Health disparities researcher: We must build trust
Lorna McNeill, Ph.D.
As Jamaican immigrants, my parents stressed the importance of education. They felt that was the best way to succeed in America – and so I did.
I worked hard and graduated high school as valedictorian. I knew that I wanted to get out of New York for college, so that led me to The University of North Carolina at Chapel Hill. There, I focused on African American studies and got my first understanding of how I could make a mark on this world.
Discovering my passion for disparities in public health
After graduating college, I was unsure of my future. I was still in Chapel Hill and working on campus.
That summer, the rapper Tupac Shakur died. There was a shortage of his blood type, so some students from the School of Public Health wanted to hold a blood drive to promote blood donation among African Americans. It was my job to help them organize the event.
Those students introduced me to the concept of public health. Before that, I had wanted to be a physician. Our experience helped me decide to apply to get a master's degree in the field. That’s when I discovered my passion: disparities in public health.
Differences in communities and health care opportunities
My first job as a research assistant was on a study that investigated smoking cessation in pregnant women. The women enrolled in the study had stopped smoking during pregnancy, and my job was to call them to see if they had permanently kicked the habit.
Many of the women lived in rural areas of North Carolina, and many were white. When I spoke to them, I learned they had a lot of challenges with staying smoke-free. Their lives were difficult. They were dealing with many stressors at home.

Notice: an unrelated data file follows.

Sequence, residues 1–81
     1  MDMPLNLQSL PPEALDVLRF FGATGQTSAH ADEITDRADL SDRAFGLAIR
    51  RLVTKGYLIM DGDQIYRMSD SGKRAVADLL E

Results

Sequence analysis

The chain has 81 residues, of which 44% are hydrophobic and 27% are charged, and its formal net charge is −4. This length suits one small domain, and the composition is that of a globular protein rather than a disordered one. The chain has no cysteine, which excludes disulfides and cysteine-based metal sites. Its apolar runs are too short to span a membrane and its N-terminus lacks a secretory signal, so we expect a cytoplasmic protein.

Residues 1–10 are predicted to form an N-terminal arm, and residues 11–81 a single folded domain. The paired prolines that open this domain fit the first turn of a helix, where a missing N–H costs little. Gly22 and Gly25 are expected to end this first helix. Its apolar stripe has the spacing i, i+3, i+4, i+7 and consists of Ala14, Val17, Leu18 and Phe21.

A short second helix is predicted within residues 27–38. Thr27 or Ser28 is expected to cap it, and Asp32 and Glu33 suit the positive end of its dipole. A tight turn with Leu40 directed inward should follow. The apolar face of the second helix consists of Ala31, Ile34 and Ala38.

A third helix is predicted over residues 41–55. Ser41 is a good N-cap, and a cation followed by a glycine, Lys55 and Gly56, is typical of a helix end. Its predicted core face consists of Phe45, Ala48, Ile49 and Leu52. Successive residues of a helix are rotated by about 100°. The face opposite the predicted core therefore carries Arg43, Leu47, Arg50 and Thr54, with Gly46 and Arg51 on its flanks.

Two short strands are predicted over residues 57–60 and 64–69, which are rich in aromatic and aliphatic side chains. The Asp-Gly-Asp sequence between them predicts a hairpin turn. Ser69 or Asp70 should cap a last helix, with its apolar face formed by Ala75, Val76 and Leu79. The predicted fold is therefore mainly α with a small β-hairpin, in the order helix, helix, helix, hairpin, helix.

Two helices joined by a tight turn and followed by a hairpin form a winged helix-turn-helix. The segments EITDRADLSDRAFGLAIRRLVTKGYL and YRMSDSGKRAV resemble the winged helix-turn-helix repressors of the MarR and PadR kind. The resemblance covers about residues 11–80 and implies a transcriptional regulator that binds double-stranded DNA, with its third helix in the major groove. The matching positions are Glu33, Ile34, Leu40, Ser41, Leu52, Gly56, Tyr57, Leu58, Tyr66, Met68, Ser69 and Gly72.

I started to understand that peoples’ lived experiences – what we now call social determinants of health – impact their abilities to make healthy choices. The messages that we’re telling people, such as “just go walking, just eat right and just quit smoking,” don’t resonate across all communities. People don’t always have the same options to make good choices for their health. It depends a lot on where you live, what resources you have and your life circumstances.
Learning to listen and make connections in the community
Another early study I worked on aimed to increase the number of fruits and vegetables eaten by African Americans in order to reduce the prevalence of colorectal cancer in North Carolina. We partnered with churches in order to do that.
My mom is a preacher, so I was comfortable in that setting, but the woman who was the principal investigator of the study was a white Jewish woman. She had nothing in common with the individuals we were trying to reach, but I watched her make connections and engage. She built relationships in a community that looked nothing like her.
From her, I learned the practice of really listening to people, trying to understand their perspectives and how to incorporate them into a study.
We collaborate with as many groups, communities and organizations as possible in order to ease the burden of cancer that exists in the different populations in our country.
We also build relationships with the people we’re trying to serve. It’s important to me to partner with community groups that support the people who will ultimately benefit from our work. We can make a difference, but we must put it in the context of how it will change people’s day-to-day lives for the better.
For example, with the rollout of the COVID-19 vaccines, there’s been a lot of hesitancy in Black and Hispanic communities. That’s because there’s a lack of trust. To address this crisis as well as those in the future, we’re going to have to develop that trust with our institutions and within our health care system.
We need to show up for these communities and let them know we have their best interests at heart. That’s my goal. I want MD Anderson to be seen as a trusted source for everyone in our community.
My advice for the next generation of health disparities researchers
There’s more support than ever for the health disparities field. It’s a good time to join us.
In the past, health disparities research was a passion for people. It made them feel good, but it wasn’t substantial enough to build a career on. But the tide is changing. This is a bona fide career area.
Fortunately and also unfortunately, it’s an area of growth, too. As the U.S. demographics shift, health care is going to have to focus on people of color so that our country isn’t overwhelmed by a sick, underserved population.
So, don’t be afraid if someone tells you this isn't a real research area. Ignore that and pursue it. Reach out to people like myself and other leaders in this field for guidance and support.
If you have a heart, a passion for social justice and want to make a difference, this is the field for you.